Monday, May 23, 2016

Don't Call It a Bargain!

You see 'em everywhere online.

These big, dirt cheap e-compilations of novels and short stories by some of the better known (but not A-list) authors of the genre. Twenty-Five Hard-Boiled Classics, Volume Eight! The Amazing Sherlock Holmes and Watson Megapack! Gritty Crime from the Pulps, Collection 15! Five More Great Awesome and Amazing Crime Novels by Whomever!

Stories or complete novels by some really great and/or popular P.I. writers. William Campbell Gault, Thomas B. Dewey, Robert Leslie Bellem, Stewart Sterling, Spencer Dean, John Carroll Daly, George Harmon Coxe, Norbert Davis, Raoul Whitfield and the like.

Some of the writers in these books are personal favourites; some are of historical interest; some are just fun to read. But what they do all have in common is that the authors (or more importantly their copyrights) are all dead.

Which means some publisher can grab a bunch of stories and squirt out an ebook without ever having to pay any of the writers a cent. Amazon and the other online enablers are littered with these things, generally selling them for as little as 99 cents.

Yeah, I know the price is right, but I’m not a fan.

There are some publishers who do reprints right: they offer class, not crass. They edit, they commission artwork, they introduce new and relevant material into the mix. They treat the material with respect. They curate. They care. They actually edit. Outfits like Hard Case Crime, Stark House, Crippen & Landru -- they do it right. (And let's have a moment of silence for the late, great Rue Morgue, who rescued so many classics from obscurity. Tom and Enid? Thank you. Particularly for the Norbert Davis stuff).

Mind you, all of these publishers charged more than 99 cents a book. But their books were worth it. Well worth it.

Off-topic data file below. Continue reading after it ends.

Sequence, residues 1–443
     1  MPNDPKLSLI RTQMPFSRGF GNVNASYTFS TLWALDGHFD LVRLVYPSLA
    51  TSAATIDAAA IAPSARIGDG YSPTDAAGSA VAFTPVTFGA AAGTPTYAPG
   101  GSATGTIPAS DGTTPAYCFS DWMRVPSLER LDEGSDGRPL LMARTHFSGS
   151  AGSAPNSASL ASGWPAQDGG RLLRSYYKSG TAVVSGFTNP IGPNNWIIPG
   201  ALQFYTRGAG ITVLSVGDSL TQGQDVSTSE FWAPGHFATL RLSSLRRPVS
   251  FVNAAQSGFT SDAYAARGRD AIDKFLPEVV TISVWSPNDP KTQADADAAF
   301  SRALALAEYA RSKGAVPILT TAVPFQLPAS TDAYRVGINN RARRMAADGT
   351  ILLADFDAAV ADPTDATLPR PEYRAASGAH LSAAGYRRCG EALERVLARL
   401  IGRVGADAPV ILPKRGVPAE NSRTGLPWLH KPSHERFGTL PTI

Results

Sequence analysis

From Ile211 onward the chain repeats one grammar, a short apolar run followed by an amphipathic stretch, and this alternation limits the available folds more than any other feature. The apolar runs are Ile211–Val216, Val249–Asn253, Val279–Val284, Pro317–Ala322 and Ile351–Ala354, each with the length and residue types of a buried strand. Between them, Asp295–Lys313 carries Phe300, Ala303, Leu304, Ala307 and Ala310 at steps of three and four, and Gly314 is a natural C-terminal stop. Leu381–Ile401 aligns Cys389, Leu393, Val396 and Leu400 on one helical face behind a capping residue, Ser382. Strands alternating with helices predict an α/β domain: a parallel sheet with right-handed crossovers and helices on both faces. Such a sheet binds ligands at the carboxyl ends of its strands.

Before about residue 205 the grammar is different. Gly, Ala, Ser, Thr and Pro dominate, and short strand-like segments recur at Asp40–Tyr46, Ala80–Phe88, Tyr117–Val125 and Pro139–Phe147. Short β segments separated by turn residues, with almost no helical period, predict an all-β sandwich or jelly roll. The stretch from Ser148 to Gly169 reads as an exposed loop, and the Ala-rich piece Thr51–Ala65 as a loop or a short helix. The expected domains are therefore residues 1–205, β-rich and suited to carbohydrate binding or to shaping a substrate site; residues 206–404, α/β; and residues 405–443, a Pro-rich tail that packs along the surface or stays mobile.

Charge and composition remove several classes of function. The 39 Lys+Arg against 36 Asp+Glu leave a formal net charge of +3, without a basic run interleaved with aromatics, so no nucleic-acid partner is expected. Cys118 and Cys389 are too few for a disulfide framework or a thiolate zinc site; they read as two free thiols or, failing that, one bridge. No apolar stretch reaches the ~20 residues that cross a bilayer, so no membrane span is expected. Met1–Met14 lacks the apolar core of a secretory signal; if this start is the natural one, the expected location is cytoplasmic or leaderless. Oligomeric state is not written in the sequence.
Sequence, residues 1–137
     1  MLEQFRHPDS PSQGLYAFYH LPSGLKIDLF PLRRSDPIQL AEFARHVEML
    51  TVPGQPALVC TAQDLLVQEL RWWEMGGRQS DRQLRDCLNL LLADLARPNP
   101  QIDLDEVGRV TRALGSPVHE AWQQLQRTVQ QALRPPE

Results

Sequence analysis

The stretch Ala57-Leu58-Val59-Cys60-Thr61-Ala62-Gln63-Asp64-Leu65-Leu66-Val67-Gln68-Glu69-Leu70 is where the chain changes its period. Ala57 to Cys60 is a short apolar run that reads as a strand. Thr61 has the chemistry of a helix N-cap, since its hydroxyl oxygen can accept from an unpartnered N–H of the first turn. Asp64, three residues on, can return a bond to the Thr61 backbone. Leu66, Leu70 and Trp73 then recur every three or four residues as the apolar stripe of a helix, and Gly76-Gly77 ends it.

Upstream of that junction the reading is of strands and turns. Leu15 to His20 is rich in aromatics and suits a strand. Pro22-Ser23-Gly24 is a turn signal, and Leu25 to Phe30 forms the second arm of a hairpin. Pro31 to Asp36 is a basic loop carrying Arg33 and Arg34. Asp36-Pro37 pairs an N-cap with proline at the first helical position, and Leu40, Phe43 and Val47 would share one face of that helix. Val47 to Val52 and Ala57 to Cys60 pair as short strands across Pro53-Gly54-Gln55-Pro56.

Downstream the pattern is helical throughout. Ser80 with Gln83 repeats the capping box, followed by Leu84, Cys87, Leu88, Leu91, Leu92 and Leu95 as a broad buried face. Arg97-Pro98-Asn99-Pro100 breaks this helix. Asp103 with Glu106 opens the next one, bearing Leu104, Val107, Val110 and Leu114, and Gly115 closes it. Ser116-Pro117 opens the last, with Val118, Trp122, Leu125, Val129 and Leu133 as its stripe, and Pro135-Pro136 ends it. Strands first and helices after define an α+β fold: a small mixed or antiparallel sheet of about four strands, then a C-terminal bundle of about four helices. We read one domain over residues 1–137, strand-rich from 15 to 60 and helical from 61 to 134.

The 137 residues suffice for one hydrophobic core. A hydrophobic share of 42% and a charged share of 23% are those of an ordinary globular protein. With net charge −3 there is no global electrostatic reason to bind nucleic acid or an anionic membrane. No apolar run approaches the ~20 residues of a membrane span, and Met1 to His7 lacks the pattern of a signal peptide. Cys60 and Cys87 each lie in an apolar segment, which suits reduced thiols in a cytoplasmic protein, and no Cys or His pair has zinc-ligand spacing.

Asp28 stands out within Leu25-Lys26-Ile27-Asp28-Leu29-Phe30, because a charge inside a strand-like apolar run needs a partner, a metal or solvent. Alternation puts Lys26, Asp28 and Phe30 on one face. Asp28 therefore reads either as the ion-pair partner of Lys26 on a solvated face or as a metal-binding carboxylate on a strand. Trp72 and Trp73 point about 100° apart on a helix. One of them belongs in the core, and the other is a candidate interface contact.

These cheesy public domain hit-and-run e-compilations, though? At 99 cents, they can ship an awful lot of units, without ever having to pay anyone a damn cent. At 99 cents, you might even call it a steal.

But I think they devalue, if not outright disrespect, the act of writing and creativity, and lower the reader’s expectations of what writing is truly worth. It may look like a boon to non-discerning readers, but in the long run it hurts both writers and readers.

Or at least the ones who can tell the difference between shit and Shinola. Believe it or not, there are still some of us out here. Even in the era of La Donald.

But beyond the dubious ethics, if not legality, of these books, these quickie cyber-turds are poorly curated (if at all), often lack any thematic or editorial cohesion, generally sport lousy generic covers, and are often riddled with typographical and formatting errors. So we're not exactly talking quality control here. I also doubt any effort is made to share the profits with or obtain the cooperation of the estates of any of the now deceased authors. And often they mix in stories by their own “authors” to make it look like they’re in the same league; another rather dubious tactic.

Erle Stanley Gardner. Joe Phlegminski, Jr.. William Campbell Gault. Which of these things is not like the others?

Anyway...

What prompted this? A reader of my site recently contacted me, asking me to explain a story by Thomas B. Dewey that he'd just read in one of these collections. He complained that it just didn't make any sense.

Now, Dewey's one of those P.I. writers I really like, and his plots are generally well-constructed, with all the loose ends neatly tied up; solid, dependable fare that's always a bit more clever and insightful than you expect. I know this because I’ve read a lot of his stuff over the last few years, in preparation for that book I’m working on.